U.S. Navy Aircraft History

By Tommy H. Thomason

Tuesday, May 3, 2016

Power Steering

The U.S. Navy carrier-based jets did not initially have nose-wheel steering. The reason at the time was that implementation was thought to restrict the turning radius, a critical capability for deck parking and taxiing onto and off of a deck-edge elevator.

Judicious use of power and brakes was used instead. A tiller bar slipped over or into the nose wheel axle was sometimes used to provide more precise steering by a deck hand.
The deck crew would also sometimes just push on one side of a forward fuselage to help align the airplane with the catapult or for parking.

The free-castering of the nose wheel could sometimes result in an incident. This AJ was launched with the nose wheel facing aft. As a result, the nose landing gear jammed so it could not be fully retracted.

However, that did not preclude carrying on with the assigned mission. The nose wheel would almost always recenter on landing without drama. Some air groups had the right side of the AJ's nose wheel painted white to insure that the Savage was catapulted with it properly aligned.

One of the changes that the Navy made to the Air Force's T-34 when it procured it for training was the removal of nose-wheel steering so that its aviators would learn to taxi without it.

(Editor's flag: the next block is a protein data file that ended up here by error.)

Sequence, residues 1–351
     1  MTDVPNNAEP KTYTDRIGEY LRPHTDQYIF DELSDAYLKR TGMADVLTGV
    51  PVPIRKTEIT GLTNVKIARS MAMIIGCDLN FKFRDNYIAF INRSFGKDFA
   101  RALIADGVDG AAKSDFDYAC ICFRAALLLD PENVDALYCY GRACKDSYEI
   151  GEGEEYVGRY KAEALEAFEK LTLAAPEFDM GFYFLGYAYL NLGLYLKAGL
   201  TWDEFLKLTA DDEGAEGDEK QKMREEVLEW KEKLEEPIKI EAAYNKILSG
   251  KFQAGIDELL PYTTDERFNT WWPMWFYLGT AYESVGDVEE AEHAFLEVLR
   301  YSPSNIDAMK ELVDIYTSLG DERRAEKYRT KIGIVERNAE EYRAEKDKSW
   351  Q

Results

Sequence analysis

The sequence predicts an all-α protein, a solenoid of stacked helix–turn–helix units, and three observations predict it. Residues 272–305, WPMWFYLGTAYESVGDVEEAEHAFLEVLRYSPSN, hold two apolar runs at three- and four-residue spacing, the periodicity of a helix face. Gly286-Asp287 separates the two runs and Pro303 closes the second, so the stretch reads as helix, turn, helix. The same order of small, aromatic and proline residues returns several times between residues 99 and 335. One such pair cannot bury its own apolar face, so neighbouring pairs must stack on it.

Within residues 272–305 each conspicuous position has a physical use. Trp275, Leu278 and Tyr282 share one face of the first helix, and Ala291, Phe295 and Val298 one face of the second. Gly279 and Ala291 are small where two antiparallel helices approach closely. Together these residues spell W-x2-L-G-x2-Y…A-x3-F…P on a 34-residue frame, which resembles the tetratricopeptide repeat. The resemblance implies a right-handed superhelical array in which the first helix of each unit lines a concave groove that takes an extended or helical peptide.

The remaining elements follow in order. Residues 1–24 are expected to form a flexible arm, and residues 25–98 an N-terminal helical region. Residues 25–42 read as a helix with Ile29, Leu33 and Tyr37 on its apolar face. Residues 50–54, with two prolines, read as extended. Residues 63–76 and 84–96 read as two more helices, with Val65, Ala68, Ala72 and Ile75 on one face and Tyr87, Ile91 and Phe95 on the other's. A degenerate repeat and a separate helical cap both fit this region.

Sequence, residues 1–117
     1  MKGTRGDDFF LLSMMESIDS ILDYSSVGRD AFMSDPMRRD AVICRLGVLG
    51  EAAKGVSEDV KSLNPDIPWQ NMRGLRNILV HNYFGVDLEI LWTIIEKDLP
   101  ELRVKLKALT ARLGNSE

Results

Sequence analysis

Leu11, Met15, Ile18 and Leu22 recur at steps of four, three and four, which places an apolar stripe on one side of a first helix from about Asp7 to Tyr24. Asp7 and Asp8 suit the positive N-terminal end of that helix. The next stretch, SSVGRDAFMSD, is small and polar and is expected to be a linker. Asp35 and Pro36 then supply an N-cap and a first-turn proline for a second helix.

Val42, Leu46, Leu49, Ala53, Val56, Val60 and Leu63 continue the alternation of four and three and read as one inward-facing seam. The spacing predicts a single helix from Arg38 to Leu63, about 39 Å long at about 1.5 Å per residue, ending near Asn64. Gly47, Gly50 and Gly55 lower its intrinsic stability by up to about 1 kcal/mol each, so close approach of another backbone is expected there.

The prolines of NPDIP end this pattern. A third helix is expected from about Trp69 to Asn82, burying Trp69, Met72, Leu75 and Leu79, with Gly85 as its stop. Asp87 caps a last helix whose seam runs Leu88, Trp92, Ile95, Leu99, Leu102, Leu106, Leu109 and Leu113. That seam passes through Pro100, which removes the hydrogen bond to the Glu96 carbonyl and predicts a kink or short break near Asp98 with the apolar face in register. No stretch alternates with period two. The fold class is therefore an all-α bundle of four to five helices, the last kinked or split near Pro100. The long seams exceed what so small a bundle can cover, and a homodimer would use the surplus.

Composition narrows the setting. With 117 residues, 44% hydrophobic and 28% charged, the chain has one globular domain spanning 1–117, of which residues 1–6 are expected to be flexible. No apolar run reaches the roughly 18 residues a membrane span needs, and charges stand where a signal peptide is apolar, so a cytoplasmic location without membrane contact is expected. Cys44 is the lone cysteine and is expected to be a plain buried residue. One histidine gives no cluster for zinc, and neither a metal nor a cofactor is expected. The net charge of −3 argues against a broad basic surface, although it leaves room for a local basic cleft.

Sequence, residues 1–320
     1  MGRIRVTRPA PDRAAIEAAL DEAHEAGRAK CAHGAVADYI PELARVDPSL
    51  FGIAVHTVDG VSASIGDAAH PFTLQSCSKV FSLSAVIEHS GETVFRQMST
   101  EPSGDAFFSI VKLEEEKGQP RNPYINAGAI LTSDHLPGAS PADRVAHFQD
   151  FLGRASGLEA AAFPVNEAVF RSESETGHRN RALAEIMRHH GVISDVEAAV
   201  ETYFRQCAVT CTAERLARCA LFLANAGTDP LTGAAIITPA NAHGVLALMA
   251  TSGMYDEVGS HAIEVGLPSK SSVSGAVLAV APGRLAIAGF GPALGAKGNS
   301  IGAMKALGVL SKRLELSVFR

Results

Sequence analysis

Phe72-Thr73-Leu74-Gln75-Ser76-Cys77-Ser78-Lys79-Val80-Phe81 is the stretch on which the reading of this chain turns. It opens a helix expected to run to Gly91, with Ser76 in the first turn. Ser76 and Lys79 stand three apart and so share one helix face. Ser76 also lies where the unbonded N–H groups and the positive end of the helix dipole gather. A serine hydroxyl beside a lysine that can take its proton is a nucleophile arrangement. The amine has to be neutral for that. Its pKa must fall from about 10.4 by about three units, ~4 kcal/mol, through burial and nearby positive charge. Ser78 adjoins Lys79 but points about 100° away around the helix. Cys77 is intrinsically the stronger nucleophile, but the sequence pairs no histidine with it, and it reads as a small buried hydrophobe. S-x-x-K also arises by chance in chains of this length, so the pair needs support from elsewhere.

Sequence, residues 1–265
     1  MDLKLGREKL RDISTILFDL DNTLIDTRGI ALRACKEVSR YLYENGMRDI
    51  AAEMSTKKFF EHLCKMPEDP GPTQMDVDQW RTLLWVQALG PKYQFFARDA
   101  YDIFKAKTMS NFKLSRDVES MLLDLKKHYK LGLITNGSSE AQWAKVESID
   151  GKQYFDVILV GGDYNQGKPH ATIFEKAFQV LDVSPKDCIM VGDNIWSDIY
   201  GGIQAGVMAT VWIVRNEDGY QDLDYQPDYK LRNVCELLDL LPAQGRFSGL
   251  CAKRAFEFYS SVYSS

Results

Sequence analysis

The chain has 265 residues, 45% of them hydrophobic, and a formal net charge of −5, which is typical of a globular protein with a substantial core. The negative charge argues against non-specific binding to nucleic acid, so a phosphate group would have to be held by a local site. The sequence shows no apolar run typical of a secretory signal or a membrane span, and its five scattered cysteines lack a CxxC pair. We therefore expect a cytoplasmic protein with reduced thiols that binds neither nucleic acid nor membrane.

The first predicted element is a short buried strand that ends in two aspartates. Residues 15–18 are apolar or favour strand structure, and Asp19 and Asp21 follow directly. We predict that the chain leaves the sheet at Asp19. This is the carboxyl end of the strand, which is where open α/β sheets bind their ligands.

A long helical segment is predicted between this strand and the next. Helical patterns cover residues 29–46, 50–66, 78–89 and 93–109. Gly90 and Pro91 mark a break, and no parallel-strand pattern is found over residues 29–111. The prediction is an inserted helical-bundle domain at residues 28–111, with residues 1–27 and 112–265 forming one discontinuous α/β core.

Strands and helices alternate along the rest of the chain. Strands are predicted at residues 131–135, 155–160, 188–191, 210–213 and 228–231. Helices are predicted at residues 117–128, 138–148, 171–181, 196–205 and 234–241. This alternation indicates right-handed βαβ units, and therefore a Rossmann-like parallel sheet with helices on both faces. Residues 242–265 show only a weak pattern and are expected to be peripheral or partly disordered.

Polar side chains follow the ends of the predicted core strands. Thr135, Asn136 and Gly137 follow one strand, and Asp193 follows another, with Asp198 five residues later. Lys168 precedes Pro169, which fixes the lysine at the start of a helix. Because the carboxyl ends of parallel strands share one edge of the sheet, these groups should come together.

The F7U-3 is reportedly the first Navy carrier-based jet with nose-wheel steering. It was big, it was heavy, and the forward fuselage was too far above the ground to be used for alignment by several sailors. Note the tiller bar.

The actuator was added to the landing gear scissors. On most airplanes, a button on the stick grip enabled steering via the rudder pedals.
Most, if not all carrier-based airplanes were equipped with nose-wheel steering thereafter. In fact, later models of the A-4 Skyhawk, beginning with the TA-4, were equipped with it, probably to provide better crosswind takeoff and landing capability.
However, it reportedly did not provide fine-enough steering control for lining up with the catapult track. As a result, the tiller bar was often employed.

One problem with that was the risk of the pilot absentmindedly employing his nose-gear steering when the tiller was attached. It was then a large and very powerful bat. As a result, some A-4 squadrons removed nose-gear steering for a deployment. Also see Jeff Brown's report here: http://thanlont.blogspot.com/2011/11/scooter-stuff.html

Carriers have gotten bigger but the need for excellent steering control remains.
U.S. Navy photo by Mass Communication Specialist 3rd Class Joshua Card

Monday, March 7, 2016

The Westinghouse J40 Engine Program